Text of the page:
• Mummification was commonplace in Bronze Age Britain

    10/02/2015 1:12:16 AM PDT · by SunkenCiv · 2 replies
    University of Sheffield ^ | 1 October 2015 | Sean Barton
    Building on a previous study conducted at a single Bronze Age burial site in the Outer Hebrides, Dr Booth used microscopic analysis to compare the bacterial bioerosion of skeletons from various sites across the UK with the bones of the mummified bodies from Yemen and Ireland. Archaeologists widely agree that the damp British climate is not favourable to organic materials and all prehistoric mummified bodies that may be located in the UK will have lost their preserved tissue if buried outside of a preservative environment such as a bog. Dr Booth, who is now based at the Department of Earth...
  • Lethal Thermal Impact at Periphery of Pyroclastic Surges: Evidences at Pompeii

    06/18/2010 5:51:26 PM PDT · by SunkenCiv · 23 replies · 367+ views
    Public Library of Science ^ | June 2010 | Giuseppe Mastrolorenzo, Pierpaolo Petrone, Lucia Pappalardo, Fabio M. Guarino
    The evaluation of mortality of pyroclastic surges and flows (PDCs) produced by explosive eruptions is a major goal in risk assessment and mitigation, particularly in distal reaches of flows that are often heavily urbanized. Pompeii and the nearby archaeological sites preserve the most complete set of evidence of the 79 AD catastrophic eruption recording its effects on structures and people. Here we investigate the causes of mortality in PDCs at Pompeii and surroundings on the bases of a multidisciplinary volcanological and bio-anthropological study. Field and laboratory study of the eruption products and victims merged with numerical simulations and experiments indicate...
  • OLDEST KNOWN GOSPEL RETRIEVED FROM MUMMY MASK, RESEARCHERS CLAIM

    01/21/2015 11:34:40 AM PST · by bkopto · 76 replies
    Breitbart/UPI ^ | Jan 21, 2015 | staff
    The mummy masks of ancient commoners are a treasure trove of classical and religious documents Christian scripture, Phoenician histories, Greek poetry. While the rich and royal members of ancient Egyptian society were buried in mummy masks of flaked gold and other precious metals, common people were forced to construct theirs with recycled pieces of paper. Recently, archaeologists found what they believe to be the worlds oldest piece of scripture in the mask of mummy from the first century. Researchers say the new scrap of spiritual papyrus is a portion of the the Gospel of Mark, the second chapter of...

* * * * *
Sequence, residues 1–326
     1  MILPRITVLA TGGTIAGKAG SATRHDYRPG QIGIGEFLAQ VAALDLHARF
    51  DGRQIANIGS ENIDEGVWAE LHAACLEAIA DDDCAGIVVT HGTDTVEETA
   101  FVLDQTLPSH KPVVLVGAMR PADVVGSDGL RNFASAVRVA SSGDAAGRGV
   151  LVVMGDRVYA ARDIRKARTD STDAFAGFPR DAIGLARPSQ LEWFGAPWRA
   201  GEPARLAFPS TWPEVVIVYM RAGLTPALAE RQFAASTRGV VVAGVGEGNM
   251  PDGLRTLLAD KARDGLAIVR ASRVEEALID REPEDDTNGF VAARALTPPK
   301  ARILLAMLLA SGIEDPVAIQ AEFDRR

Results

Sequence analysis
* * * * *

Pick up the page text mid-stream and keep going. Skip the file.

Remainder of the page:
• Pompeii's Mystery Horse Is a Donkey

    11/03/2010 8:28:09 PM PDT · by SunkenCiv · 13 replies · 1+ views
    Softpedia ^ | Wednesday, November 3rd, 2010 | Smaranda Biliuti
    Back in 2004, when academics unearthed skeletons found at a house in the ancient Roman town that was covered in ashes in 79 AD, they thought it belonged to an extinct breed of horse... What happened really was that there seems to have been a mix-up in the lab, which led to horse DNA being combined with donkey DNA, creating an artificial hybrid that actually never existed. Six years ago, the skeletons of equids having belonged to a rich Roman household in Pompeii were analyzed. There were found in the stables of a probably wealthy politician, and all five of...
  • Pompeii Family's Final Hours Reconstructed

    12/15/2008 7:31:13 AM PST · by SunkenCiv · 37 replies · 1,546+ views
    Discovery News ^ | December 11, 2008 | Rossella Lorenzi
    At around 1:00 p.m. on Aug. 24, 79 A.D., Pompeii residents saw a pine tree-shaped column of smoke bursting from Vesuvius. Reaching nine miles into the sky, the column began spewing a thick pumice rain. Many residents rushed in the streets, trying to leave the city. "At that moment, Polybius' house was inhabited by 12 people, including a young woman in advanced pregnancy. They decided to remain in the house, most likely because it was safer for the pregnant woman. Given the circumstances, it was the right strategy," Scarpati said... At around 7:00 p.m., by which time the front part...
  • The Fall and Rise and Fall of Pompeii

    07/01/2015 5:37:25 PM PDT · by SunkenCiv · 53 replies
    Smithsonian Magazine ^ | July 2015 | Joshua Hammer